At this moment in time, if people (tech giants) want they can design their operating system within a matter of a few days or months. Anything can be possible nowadays due to the availability of a wide range of resources on the internet and high-minded open-source collaborations.
Let’s go to fifty years back, when no internet & community collaborations were there. Without these supports, what were the challenges faced by computer scientists in developing an efficient operating system? Are they succeed in producing the efficient one? If succeed, which programming language they had chosen? and why? We’ll find answers to all these questions in this article.
The Birthplace of world-class inventions
AT&T Bell Laboratories is the place where the actual development of the C language was done. Not only C but the most popular and notable inventions such as the Telephone, Laser, Transistor, Solar cells, Communication satellites, and many more came from this place.
It was around 1961 when the actual development of the Multics operating system was started by three organizations such as MIT, General Electric, and Bell Laboratories.
Bell invested a huge amount of manpower and money in the Multics project. But later in 1969, Bell Labs decided to withdraw from the Multics project because as per the planning schedule Multics operating system was not completed and there were no guaranteed dates regarding the delivery of the operating system. After the withdrawal, the people who are working from Bell in the Multics were returned to the Bell Labs.
Rise of the Unix Operating system
After the Multics project team came back to Bell Labs, Ken Thompson, Dennis M Ritchie, and a few other team members started working on a new operating system with the knowledge they have gained in the Multics project.
Within a few years, the entire team worked ceaselessly and developed a new operating system. Before introducing this new operating system to the outside world, as an experiment, Bell started using this for their internal work.
At that time, MULTICS (Multiplexed Information & Computing Service) was one of the most popular multitasking operating systems in the world. But coming to Bell’s new operating system is a Uni-tasking Operating system. So scientists decided to name it UNICS (Uniplexed Information & Computing service) because its pronunciation is a bit similar to MULTICS.
But later, the operating system was transformed from Uni-tasking to Multi-tasking but the name was stuck over there and then eventually changed to UNIX.
The birth of the Assembler
Initially, computers were programmed using a low-level language called Machine language or Binary language. Binary language is a combination of 0’s and 1’s. The problem with Binary language is, It is completely platform-dependent and requires more time to understand and implement a new feature.
To reduce this complexity, computer scientists came up with a new programming language called “Assembly level programming”.
Ken Thompson wrote a program called Assembler which will convert the program written in “Assembly level language to Machine language”.
With the help of Assembler, the complete Unix operating system was written in ALP.
The Developer’s wrong choice
As the requirements were changing day by day in the world of computer science, scientists felt difficult to code in assembly language. They wanted to bring up a more portable and easy-to-write programming language.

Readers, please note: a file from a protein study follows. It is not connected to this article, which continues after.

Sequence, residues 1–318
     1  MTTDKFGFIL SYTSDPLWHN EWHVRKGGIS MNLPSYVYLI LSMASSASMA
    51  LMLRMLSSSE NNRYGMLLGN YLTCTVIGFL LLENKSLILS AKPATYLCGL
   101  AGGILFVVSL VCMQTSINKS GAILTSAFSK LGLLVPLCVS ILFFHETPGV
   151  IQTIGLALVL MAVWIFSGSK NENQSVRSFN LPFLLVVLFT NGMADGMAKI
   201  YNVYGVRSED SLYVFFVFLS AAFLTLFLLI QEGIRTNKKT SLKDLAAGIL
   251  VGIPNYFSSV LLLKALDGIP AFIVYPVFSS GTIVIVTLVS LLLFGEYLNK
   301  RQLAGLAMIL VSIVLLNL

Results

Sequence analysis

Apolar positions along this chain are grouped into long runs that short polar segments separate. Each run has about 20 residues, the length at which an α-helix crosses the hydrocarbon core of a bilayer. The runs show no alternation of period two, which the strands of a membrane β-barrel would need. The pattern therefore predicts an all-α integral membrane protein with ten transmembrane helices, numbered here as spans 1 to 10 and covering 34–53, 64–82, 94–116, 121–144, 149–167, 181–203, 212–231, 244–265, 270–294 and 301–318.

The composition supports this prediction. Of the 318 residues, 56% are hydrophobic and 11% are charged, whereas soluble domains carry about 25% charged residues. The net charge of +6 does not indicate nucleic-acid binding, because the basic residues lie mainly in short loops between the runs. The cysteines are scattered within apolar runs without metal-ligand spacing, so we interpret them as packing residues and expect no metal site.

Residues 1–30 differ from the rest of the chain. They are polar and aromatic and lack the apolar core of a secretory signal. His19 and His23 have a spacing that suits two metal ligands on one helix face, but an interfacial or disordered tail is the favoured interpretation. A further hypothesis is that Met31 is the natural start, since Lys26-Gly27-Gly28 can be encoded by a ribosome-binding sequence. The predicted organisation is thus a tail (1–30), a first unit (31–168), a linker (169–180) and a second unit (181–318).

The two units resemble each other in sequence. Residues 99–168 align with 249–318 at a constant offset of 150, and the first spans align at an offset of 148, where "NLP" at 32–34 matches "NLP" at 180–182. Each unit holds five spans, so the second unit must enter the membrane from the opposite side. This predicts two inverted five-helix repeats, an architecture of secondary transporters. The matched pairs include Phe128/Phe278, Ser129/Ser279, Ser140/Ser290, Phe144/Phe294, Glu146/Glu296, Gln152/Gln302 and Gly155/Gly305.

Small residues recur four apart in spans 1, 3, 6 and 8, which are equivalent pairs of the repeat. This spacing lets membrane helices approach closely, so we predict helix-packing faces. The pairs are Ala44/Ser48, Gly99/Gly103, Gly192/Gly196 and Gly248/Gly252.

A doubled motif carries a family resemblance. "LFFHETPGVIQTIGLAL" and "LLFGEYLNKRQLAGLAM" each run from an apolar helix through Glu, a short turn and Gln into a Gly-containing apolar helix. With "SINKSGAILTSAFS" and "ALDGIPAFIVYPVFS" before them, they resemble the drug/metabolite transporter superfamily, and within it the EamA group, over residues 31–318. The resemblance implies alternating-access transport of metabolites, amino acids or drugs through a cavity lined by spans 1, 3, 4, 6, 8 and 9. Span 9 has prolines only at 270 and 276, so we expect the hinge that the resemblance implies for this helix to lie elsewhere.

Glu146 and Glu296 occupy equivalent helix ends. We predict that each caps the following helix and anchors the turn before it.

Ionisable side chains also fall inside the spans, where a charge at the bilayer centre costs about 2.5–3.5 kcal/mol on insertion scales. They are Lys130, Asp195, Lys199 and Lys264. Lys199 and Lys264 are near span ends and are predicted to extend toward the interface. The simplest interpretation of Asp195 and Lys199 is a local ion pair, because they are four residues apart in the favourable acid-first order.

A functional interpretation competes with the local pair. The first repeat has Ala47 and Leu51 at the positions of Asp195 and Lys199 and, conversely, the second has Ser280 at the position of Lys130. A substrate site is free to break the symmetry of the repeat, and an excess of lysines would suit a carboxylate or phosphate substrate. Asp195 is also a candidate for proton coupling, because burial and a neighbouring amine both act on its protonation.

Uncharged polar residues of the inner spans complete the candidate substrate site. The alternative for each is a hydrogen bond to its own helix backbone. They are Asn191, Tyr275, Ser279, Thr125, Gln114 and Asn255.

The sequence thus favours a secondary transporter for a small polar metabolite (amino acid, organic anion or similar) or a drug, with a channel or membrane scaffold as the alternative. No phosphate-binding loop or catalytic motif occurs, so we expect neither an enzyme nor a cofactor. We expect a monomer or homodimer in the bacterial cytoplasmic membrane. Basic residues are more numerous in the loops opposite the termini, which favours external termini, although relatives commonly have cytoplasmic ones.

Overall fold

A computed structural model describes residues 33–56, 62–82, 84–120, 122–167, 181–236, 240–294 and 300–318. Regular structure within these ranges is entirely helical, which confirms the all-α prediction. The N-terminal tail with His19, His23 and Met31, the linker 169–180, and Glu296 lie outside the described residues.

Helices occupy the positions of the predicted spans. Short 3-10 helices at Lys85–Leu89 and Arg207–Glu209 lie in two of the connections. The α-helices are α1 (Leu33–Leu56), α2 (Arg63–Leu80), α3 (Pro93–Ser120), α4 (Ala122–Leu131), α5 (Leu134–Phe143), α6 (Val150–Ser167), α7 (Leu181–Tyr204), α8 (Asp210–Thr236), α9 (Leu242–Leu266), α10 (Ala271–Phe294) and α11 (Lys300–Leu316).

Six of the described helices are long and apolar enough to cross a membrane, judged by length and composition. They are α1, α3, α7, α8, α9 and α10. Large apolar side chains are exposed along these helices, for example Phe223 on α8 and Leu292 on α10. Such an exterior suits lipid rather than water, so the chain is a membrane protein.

At that time (1967), Martin Richard’s BPCL was the trending programming language. From BPCL, Ken Thomson developed a new programming language called “B”. Few of Unix developers were thought to replace assembly-level language with B. But later they concluded that “B” is not an efficient programming language to design an operating system.
Why B is not an efficient language? Because “B language” is a type-less programming language. There was no concept of data types in B. In B Every variable will occupy a word-sized memory.
Because of no data types, it might be an easy-to-write programming language but not an easy-to-maintain programming language. It means that the compiler doesn’t throw any warnings or errors for invalid variable assignments at the compilation phase. Which may lead to unexpected crashes during runtime and create hard-to-debug situations.
Evolution of C language
By adding extra features to B, computer scientist “Dennis M Ritchie” came up with a new programming language called “NB (New B language)”.
In NB language, Dennis Ritchie came up with solutions to every problem that B was unable to solve. He designed C in a well-structured manner and introduced concepts such as structures & datatypes, which made C a strictly typed programming language.
Later in 1972, NB was officially named a C, and Unix was completely rewritten in C language.
C language got a huge response among developers and over a wide range of communities throughout the world. To help the communities Kernighan and Ritchie authored a Book known as “The C Programming Language” also known as “The K&R standard”.
Later in 1989, ANSI standardized the C language and the name changed to ANSI C or C89 after a year ISO adopted C and the name gradually changed to ISO C or C90.
Later on, many revisions were done on C such as C99, C11, and C18 were released and many new features were introduced into it.
“C++ and Java, say, are presumably growing faster than plain C, but I bet C will still be around”Dennis M Ritchie